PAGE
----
This is a guest tutorial written by Bryon Smedley of Bristol, Tennessee.
If you’ve ever used Pivot Tables in Excel, you no doubt have discovered the wonders of filtering. The ability to filter row or column items can be extremely helpful when you don’t wish to analyze all of the items in the driving data set.
But what do you do if you wish to filter by the Value-based items? In other words, the numbers in the “connect the dots” area where row and column choices intersect. These, on first glance, don’t appear to have sorting and filtering controls available.
Rest assured, they do exist; you just have to dig a bit to find them.
If you right-click on any row-based item, the following menu will appear.
From here, you can filter by any of the traditional controls:
- Filter in either direction. Top or Bottom
- Filter the target by any Value-based entry (ex: Cost or Sales)
- Filter by Item count from 1 to the maximum item count in your data set
- Filter by Percentage from 0% to 100%
- Filter by Sum from 1 to the maximum sum in your data set
Filter the selected column by any text or date criteria (depending on the nature of the data) with the obligatory text-based or date-based filters (i.e. Greater Than, Less Than, Contains, Begins With, etc…)
Filter the data by the selected Value-based entry (ex: Sales or Cost) with any of the obligatory value-based (i.e. Equal to, Greater Than, Less Than, Is Between, etc…)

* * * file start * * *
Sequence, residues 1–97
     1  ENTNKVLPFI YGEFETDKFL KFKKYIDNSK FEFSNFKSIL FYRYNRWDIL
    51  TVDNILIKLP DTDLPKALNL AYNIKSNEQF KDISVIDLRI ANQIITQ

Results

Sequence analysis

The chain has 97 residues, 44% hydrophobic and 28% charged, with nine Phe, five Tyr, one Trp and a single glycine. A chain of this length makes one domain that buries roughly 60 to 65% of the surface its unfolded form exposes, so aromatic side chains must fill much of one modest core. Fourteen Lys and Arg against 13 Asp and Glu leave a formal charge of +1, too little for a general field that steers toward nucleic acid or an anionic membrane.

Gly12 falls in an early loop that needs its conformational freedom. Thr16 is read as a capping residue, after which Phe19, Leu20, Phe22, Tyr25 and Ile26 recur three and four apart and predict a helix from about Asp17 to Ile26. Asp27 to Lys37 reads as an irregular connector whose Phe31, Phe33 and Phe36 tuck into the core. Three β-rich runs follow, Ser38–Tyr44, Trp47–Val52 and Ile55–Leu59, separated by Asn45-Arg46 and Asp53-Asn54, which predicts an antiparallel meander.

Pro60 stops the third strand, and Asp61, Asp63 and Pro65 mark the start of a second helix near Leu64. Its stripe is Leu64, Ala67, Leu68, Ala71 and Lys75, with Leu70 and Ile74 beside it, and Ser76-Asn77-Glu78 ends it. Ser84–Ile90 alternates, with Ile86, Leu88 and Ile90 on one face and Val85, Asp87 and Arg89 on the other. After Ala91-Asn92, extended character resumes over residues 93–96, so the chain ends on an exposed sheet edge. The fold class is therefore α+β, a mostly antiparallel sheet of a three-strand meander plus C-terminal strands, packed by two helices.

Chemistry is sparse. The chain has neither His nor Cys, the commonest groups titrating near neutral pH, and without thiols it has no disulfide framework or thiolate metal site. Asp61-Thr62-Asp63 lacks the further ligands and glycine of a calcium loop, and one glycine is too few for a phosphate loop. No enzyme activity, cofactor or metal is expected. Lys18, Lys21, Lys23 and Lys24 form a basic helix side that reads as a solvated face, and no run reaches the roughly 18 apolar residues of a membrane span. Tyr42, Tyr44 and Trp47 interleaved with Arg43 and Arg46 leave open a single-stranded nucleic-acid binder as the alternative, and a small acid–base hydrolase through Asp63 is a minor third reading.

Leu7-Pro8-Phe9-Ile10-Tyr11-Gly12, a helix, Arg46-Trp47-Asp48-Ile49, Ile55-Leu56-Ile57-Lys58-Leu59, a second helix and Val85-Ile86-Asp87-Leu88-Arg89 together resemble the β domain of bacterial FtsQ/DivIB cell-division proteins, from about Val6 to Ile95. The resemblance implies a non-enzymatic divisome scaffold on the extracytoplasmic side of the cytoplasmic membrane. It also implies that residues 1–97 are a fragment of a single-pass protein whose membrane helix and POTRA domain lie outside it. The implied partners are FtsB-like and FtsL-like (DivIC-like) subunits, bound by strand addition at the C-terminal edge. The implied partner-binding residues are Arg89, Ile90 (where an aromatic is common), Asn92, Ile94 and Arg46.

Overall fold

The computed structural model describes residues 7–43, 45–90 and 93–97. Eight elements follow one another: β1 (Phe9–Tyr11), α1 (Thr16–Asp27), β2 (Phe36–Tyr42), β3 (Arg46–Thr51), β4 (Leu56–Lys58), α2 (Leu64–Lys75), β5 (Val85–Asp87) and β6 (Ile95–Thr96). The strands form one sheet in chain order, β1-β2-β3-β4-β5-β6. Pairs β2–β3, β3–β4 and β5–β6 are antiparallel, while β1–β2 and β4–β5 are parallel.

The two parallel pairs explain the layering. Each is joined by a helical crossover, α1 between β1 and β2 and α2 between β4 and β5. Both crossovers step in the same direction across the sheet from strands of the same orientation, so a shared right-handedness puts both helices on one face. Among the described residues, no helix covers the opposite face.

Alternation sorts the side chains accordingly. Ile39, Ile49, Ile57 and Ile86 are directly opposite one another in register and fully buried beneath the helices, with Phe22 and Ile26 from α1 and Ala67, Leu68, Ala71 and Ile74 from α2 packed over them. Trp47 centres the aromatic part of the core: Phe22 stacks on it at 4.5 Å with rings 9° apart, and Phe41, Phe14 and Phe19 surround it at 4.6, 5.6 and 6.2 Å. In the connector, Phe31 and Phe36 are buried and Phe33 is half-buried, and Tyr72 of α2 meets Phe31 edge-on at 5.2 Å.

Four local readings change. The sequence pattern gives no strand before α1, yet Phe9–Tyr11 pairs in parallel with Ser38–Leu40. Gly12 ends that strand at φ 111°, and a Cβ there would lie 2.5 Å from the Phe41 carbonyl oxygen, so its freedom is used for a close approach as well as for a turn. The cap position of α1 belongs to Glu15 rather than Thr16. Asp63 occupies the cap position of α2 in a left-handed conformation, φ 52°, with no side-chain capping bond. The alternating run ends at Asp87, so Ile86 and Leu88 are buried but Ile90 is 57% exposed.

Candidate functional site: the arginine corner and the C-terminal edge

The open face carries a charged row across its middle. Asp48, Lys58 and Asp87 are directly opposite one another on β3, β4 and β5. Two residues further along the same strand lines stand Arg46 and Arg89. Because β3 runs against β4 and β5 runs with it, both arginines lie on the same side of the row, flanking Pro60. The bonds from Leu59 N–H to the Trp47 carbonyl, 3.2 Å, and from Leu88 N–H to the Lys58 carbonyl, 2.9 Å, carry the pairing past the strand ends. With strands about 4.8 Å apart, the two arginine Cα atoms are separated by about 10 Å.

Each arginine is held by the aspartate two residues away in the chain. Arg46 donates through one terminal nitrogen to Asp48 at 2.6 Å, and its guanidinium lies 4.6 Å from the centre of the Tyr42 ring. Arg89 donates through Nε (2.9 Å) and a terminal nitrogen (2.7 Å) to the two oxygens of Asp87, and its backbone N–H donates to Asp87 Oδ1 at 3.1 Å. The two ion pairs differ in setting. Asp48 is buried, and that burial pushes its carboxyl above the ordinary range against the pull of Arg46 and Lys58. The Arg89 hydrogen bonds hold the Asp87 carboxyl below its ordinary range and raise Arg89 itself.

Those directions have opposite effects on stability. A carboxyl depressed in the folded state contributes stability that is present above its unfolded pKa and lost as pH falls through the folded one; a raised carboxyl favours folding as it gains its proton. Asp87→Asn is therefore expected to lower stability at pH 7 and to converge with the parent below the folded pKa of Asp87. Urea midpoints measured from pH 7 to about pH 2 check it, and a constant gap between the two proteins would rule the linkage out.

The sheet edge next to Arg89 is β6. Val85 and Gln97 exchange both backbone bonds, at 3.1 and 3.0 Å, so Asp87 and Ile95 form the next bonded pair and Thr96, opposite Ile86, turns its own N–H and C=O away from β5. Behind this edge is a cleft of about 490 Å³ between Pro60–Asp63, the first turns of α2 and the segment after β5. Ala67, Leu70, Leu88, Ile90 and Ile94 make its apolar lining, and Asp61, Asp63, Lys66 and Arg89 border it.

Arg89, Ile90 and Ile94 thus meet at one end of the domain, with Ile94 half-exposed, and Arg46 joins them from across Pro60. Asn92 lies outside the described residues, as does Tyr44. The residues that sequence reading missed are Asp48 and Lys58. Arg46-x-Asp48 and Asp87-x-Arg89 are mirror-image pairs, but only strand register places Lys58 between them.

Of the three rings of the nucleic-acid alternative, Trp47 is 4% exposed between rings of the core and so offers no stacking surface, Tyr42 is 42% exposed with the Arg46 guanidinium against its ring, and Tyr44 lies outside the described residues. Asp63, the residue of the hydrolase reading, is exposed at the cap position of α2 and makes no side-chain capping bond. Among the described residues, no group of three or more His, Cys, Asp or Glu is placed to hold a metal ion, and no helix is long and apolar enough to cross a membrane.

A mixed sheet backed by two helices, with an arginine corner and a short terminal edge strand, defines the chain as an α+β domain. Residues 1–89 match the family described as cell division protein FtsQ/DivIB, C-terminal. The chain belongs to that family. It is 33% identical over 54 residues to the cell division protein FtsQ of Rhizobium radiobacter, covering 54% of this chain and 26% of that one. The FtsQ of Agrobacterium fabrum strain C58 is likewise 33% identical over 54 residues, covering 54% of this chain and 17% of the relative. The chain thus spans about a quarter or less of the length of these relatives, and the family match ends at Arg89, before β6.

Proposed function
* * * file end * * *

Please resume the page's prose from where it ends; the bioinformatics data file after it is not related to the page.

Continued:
Another nice trick is to select row entries (via the traditional CTRL-Click or Click-Shift-Click selection techniques) and then Right-click on one of the selected items and choose:
- Keep Only Selected Items
- Hide Selected Items
This allows you to quickly reduce a long list to a short list without the need to check and uncheck a series of tiny boxes.
Thanks to Bryon for writing this tutorial. We appreciate you sharing your knowledge.
Bryon is from Bristol, Tennessee and has been teaching Excel since version 7 which was included with Office 95. He is currently a Technical Training Analyst for one of the largest coal companies in the world. His key responsibility is to conduct all Microsoft Office training, but in addition he also serves as a technical consultant for any and all projects involving Microsoft Office applications.
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